KEITH JACKSON | Sources
PORT MORESBY – Papua New Guinea’s multinational electrification partnership could be in jeopardy after the O’Neill government awarded contracts to companies from China without open tendering, according to Opposition Leader Patrick Pruaitch.
Pruaitch said the government’s approval of the Ramu 2 hydroelectric project has led the Americans to reconsider their involvement in the five-nation partnership which was announced at last year’s APEC summit.
“The US government and American corporations are believers in fair play and the US government reaction is not surprising,” Pruaitch said.
But, in a stinging gibe at Australia, he said the Australian government would still want the project as it “is happy to encourage third parties from Australia to enter ‘secretive sweetheart’ deals.”
“To save face and to comply with PNG laws, the government should allow the board of PNG Power to call new tenders for Ramu 2, along with rival bids for similar quantities of electricity from gas and other energy sources.
“The same process should be undertaken for Yonki to Hagen electrification, allowing companies from the US, Japan, Australia and New Zealand to participate in competitive bidding.”
Pruaitch said opening up tendering could “resolve the current impasse facing the PNG electrification partnership”.
It would also would be “in the public interest as “the increase in future power rates would only be a fraction of what the public would otherwise face under the Ramu 2 deal.
“Similarly, the Yonki to Hagen power distribution could cost much less than K1 billion to construct, reducing the nation’s debt burden,” he said.
Pruaitch said if the O’Neill government failed to adopt these measures it would add to the list of scandalous, corrupt and wasteful deals it has previously undertaken including the K3 billion UBS loan fiasco, more than K2 billion spent on the APEC summit, the corrupt Manumanu land deal and the deteriorating education and health services around the country.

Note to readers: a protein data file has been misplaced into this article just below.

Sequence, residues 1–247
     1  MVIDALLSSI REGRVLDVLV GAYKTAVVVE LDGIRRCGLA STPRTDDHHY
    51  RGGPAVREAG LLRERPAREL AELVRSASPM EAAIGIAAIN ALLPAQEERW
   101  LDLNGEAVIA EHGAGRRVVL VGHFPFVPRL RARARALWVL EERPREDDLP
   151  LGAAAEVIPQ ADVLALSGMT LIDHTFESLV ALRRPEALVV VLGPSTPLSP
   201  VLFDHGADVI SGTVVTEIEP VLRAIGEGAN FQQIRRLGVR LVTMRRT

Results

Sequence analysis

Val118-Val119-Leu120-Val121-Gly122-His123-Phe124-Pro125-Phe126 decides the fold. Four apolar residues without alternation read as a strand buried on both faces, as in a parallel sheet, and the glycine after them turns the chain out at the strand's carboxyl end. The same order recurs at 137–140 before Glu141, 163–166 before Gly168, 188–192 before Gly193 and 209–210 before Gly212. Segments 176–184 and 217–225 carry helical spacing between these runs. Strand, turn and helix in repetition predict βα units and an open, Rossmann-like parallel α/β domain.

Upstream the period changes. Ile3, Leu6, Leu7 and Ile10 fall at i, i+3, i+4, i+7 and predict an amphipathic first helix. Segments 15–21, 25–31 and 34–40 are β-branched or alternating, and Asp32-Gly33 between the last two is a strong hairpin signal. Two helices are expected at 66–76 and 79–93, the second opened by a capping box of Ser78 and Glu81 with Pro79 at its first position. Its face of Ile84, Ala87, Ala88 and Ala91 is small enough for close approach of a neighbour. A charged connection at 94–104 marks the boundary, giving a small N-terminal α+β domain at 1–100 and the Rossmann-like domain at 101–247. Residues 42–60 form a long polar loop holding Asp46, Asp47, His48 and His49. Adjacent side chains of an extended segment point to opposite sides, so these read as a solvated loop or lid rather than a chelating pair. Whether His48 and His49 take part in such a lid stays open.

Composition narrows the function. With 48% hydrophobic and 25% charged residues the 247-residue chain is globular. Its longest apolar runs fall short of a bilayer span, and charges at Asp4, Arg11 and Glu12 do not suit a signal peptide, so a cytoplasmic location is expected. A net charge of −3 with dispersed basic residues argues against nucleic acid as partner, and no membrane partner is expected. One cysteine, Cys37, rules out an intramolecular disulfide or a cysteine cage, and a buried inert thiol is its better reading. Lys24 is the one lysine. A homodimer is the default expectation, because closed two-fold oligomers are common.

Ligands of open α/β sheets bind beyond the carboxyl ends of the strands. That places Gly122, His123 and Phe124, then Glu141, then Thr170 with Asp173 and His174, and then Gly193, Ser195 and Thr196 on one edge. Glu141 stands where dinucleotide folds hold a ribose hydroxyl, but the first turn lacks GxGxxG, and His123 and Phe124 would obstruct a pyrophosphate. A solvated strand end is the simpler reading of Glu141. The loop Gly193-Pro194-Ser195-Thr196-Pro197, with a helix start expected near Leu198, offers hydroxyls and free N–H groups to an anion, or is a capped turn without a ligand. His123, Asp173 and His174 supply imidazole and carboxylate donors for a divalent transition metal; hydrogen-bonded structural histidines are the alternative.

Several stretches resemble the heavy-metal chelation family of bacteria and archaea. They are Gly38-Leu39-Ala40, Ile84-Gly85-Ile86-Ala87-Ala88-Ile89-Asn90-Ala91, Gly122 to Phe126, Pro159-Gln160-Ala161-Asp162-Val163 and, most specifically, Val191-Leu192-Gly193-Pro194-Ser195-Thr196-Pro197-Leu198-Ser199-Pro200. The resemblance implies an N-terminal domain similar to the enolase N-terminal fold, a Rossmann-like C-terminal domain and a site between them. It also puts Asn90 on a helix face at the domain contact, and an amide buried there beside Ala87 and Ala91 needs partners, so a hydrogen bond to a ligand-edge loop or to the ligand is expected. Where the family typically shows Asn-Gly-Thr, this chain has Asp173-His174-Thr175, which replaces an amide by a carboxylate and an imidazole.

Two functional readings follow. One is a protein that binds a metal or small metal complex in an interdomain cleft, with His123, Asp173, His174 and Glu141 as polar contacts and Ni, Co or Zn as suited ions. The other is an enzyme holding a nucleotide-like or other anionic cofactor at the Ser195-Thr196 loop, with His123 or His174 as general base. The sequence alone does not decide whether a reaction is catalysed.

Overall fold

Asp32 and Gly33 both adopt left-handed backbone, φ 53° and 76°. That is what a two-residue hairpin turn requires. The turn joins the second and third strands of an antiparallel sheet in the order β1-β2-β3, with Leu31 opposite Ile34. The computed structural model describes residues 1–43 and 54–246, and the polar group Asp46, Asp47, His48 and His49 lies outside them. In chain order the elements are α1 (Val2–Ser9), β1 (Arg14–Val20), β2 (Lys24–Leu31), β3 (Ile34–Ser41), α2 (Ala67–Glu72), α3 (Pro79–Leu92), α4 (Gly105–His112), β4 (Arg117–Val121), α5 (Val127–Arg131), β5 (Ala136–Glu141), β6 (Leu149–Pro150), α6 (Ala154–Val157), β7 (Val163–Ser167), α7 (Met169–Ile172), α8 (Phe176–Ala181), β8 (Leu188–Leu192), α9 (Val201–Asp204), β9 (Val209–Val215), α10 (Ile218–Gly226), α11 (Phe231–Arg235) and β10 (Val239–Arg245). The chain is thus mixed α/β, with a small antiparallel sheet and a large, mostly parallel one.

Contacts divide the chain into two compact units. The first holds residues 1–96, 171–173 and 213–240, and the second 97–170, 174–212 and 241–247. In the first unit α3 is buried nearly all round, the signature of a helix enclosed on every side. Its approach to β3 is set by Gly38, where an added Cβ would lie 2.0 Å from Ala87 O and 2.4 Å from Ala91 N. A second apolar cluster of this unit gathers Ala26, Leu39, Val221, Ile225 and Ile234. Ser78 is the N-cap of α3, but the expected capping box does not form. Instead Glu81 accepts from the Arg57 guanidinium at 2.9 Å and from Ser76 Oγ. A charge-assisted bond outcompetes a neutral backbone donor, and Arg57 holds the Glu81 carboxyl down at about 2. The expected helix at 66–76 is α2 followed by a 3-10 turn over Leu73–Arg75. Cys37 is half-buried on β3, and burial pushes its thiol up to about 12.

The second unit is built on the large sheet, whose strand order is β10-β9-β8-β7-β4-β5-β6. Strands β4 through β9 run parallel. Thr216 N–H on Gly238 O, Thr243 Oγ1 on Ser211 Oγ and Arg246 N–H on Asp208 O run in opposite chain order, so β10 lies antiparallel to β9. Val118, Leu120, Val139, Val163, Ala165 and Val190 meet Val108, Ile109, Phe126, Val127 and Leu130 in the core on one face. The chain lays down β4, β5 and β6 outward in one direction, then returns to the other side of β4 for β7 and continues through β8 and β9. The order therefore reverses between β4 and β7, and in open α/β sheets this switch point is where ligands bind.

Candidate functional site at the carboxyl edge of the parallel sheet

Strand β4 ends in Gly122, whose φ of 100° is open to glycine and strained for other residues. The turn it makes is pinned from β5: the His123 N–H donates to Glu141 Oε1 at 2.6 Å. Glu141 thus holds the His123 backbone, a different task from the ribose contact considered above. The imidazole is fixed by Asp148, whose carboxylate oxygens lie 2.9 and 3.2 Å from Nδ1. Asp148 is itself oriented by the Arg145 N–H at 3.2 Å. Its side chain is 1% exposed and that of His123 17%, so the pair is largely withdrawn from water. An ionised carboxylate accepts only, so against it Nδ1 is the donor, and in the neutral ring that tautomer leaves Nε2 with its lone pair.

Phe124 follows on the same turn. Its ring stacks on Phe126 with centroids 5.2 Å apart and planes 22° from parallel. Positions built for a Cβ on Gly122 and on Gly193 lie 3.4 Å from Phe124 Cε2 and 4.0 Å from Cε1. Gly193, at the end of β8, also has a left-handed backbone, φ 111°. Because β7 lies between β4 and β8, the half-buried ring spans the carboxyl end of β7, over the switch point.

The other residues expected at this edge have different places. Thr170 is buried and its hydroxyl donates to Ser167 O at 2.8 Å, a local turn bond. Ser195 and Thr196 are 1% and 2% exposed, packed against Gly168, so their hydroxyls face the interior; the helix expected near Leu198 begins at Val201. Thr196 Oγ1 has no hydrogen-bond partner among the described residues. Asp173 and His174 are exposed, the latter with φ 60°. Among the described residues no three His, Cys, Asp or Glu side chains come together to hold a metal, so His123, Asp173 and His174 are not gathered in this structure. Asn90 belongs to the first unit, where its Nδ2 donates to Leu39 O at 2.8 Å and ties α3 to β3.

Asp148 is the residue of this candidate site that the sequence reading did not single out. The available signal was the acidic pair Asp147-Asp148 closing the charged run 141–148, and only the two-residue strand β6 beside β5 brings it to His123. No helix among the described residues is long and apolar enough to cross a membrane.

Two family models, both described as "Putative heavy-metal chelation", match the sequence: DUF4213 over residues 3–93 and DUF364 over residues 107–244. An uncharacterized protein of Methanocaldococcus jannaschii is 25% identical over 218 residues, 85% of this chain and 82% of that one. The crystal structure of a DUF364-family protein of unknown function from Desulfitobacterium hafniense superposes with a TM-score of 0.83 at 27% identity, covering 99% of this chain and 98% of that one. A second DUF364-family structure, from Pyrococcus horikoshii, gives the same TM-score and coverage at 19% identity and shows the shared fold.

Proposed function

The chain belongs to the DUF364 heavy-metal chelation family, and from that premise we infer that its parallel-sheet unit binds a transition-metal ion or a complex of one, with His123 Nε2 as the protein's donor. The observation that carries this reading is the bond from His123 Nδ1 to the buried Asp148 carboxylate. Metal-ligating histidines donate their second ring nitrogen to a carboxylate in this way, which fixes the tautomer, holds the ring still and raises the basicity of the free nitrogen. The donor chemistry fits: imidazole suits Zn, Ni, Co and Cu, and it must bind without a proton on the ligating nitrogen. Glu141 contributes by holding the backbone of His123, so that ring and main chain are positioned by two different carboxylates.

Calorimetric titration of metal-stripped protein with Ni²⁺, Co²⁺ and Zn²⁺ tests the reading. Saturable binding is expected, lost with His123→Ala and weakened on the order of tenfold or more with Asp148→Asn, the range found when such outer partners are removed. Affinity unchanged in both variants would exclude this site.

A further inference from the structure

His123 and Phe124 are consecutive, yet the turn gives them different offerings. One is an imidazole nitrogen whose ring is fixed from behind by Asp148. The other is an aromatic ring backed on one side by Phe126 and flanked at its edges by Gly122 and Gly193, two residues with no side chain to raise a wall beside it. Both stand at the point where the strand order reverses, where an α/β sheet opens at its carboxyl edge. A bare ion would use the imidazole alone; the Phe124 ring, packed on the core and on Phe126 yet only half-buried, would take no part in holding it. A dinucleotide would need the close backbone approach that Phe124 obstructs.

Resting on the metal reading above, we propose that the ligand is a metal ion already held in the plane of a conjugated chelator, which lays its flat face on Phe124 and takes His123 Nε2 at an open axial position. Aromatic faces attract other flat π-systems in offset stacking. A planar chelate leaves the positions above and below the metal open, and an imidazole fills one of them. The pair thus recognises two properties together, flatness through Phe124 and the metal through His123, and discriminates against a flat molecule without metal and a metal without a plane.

The 180 MW Ramu 2 project was awarded to Chinese company Shenzen Energy at a projected cost of K2.7 billion.
A smaller 58 MW gas-fired power plant currently commissioned in Port Moresby is costing K340 million to build, generating electricity at about one-third the cost.
Pruaitch said the K1 billion Yonki to Hagen electrification project, awarded to Chinese company TBEA Ltd without a tendering process, was in breach of the Public Finance Management Act and had to be approved “through the back door”.
PNG has one of the world’s lowest electricity distribution rates with only about 12% of PNG households having access to electricity.
The electrification partnership deal between PNG and the US, Japan, Australia and New Zealand was a highlight of the APEC summit.
Pruaitch said if the US pulled out of the partnership, it was likely New Zealand would follow suit because prime minister Jacinda Ardern would refuse to be drawn into any deal that had the stench of corruption.
“It is my belief the Japanese may take a more diplomatic approach while the Australian government is happy to encourage third parties from Australia to enter ‘secretive sweetheart’ deals,” Pruaitch said.
Pruaitch said the US pulling out of the multi-nation partnership would represent a major embarrassment for Papua New Guineans.